Dairy farming has made great strides in efficiency and reducing its environmental impact. Between 1944 and 2007, the carbon footprint for a gallon of milk has been reduced by two-thirds.
Tom Overton, a professor at Cornell University, said this reflects tremendous gains by the U.S. dairy industry, which reduced cow numbers from 25 million to about 9 million during that time frame. On the flip side, overall milk production, yield per cow, and milk components per cow all grew.
Despite these efficiency advances, animal agriculture still accounted for about 2.5% of greenhouse gas emissions in the U.S. in 2018, with dairy representing about 0.7%. About 75% of those emissions occur on the farm, from crop production, feeding, enteric methane release, and more. “Even though we are a small percentage of overall greenhouse gas emissions, these factors represent opportunity areas,” Overton said during the Cornell Pro-Dairy “Net Zero for New York dairy” conference.
During his presentation, Overton focused on feeding strategies that can reduce methane emissions. Although feeding opportunities exist to cut a cow’s environmental impact, Overton cautioned that milk yield should not be sacrificed.
“Milk yield per cow is really a huge influence of environmental impact and efficiency,” he said. “Anything we do that might decrease enteric methane, we need to be conscious of what impact that might have on milk yield, components, and milk efficiency.”
He continued, “If you decrease methane, but lose milk or components, that is a huge offset moving us back the other way. Keep this in mind for any strategies that you might employ to try to mitigate enteric methane.”
Overton noted that milk’s carbon footprint per unit varies widely around the world. Countries like the U.S. that have higher milk yield per cow have a much lower carbon footprint per unit of milk compared to other countries.
Still, there is room for improvement, and Overton said that feeding strategies is an area of opportunity. He said anything that improves milk per cow, reduces the number of cows needed, or enhances feed efficiency will cut down the environmental impact.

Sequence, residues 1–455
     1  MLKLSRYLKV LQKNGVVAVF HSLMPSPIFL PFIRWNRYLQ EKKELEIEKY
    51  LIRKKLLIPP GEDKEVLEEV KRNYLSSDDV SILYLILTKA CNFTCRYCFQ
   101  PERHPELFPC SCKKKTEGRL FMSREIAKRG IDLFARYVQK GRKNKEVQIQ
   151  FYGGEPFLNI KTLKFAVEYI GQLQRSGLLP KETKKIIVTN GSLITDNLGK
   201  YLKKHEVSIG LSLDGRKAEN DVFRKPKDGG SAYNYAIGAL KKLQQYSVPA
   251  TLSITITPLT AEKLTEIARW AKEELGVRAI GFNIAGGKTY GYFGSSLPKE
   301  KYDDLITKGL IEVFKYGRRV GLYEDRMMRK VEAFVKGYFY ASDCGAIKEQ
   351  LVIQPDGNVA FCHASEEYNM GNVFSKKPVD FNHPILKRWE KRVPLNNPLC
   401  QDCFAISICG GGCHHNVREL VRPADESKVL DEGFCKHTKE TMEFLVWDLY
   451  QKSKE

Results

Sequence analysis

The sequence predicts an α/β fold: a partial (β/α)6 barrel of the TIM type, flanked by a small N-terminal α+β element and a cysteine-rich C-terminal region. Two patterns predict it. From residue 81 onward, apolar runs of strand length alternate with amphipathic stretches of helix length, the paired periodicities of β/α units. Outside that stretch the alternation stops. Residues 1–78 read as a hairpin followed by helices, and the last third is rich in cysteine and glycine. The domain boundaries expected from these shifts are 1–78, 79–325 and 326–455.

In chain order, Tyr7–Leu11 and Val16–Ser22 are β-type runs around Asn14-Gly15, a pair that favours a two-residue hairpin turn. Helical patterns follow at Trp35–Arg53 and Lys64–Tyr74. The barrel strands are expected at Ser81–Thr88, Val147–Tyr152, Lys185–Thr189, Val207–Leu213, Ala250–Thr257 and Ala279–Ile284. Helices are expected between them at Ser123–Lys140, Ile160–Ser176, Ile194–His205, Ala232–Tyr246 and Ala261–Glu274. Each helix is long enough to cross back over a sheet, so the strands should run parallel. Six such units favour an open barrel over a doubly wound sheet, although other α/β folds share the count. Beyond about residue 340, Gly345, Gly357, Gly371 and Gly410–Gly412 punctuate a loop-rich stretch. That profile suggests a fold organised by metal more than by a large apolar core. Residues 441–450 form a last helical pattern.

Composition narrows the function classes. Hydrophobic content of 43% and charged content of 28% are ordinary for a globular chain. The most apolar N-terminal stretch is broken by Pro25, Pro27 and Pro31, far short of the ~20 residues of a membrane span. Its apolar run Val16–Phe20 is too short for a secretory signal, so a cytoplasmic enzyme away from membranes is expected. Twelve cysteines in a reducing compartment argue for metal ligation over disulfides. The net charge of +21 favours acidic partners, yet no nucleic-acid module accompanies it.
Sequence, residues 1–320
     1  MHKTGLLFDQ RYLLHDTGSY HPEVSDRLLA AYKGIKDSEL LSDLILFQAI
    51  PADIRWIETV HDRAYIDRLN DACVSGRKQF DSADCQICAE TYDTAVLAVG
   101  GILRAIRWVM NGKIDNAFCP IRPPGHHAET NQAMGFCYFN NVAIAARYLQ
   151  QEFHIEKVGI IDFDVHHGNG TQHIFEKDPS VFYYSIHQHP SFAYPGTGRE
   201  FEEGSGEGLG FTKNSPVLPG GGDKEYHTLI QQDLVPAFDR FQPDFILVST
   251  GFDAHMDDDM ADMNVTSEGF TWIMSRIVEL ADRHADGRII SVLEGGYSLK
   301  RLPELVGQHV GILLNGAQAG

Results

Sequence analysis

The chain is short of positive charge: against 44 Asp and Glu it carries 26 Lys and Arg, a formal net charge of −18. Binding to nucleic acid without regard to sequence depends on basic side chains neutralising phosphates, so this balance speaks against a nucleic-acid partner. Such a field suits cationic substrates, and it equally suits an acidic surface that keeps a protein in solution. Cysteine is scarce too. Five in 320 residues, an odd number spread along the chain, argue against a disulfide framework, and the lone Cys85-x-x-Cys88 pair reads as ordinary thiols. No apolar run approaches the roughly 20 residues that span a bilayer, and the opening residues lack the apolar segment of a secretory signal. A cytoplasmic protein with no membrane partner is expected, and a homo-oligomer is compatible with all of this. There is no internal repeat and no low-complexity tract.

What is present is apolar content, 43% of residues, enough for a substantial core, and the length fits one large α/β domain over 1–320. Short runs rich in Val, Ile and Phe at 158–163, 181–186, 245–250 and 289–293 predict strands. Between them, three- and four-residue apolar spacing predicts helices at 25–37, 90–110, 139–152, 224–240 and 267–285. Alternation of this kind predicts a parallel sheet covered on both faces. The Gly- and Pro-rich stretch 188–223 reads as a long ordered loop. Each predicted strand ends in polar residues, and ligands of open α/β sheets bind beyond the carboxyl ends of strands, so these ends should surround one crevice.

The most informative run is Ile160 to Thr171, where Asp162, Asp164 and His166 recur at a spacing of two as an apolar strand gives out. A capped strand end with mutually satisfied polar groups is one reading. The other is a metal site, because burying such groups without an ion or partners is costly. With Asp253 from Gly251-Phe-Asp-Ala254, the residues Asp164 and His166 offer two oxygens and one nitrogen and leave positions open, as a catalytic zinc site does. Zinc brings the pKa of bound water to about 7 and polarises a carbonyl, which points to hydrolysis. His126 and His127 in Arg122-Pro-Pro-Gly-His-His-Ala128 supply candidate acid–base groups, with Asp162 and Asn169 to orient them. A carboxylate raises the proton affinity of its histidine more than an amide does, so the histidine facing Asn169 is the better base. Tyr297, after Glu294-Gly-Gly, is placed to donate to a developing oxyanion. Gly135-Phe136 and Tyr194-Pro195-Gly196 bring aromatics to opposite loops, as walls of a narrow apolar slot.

He shared a few nutritional strategies with the audience, including improved forage quality, more precise diet formulation, milking frequency, reproductive efficiency, reduced age at first calving, and genetic selection. As for feed additives, he highlighted a few options:
Ionopores- Monensin (Rumensin) is currently available and widely fed in the U.S. Overton said it has been shown to improve feed efficiency 3% to 5%. It is estimated that methane output can be reduced by up to 20%, but the response is variable for reasons we don’t fully understand, he noted.
3-nitrooxypropanol (3NOP) - 3NOP is another feed additive that Overton compared to a “sniper of the methane process” because it directly inhibits the last enzyme in methanogenesis. He said it is a potent additive that requires a low inclusion rate in the diet, which is attractive. Research on this additive is promising but real-world data is limited.
Seaweed - Overton said there is a lot of hype about seaweed and its potential in rations to reduce methane emissions. Studies have found it can reduce methane production up to 98%, but Overton offered a word of caution. “Anytime something effects the microbial ecosystem to the point where the input is decreased by that much, you have to wonder what else is happening in that system,” he noted. He also pointed out that results happening in a laboratory are much different than feeding a product to lactating cows. Still, the potential is there, and current research involving seaweed is being conducted.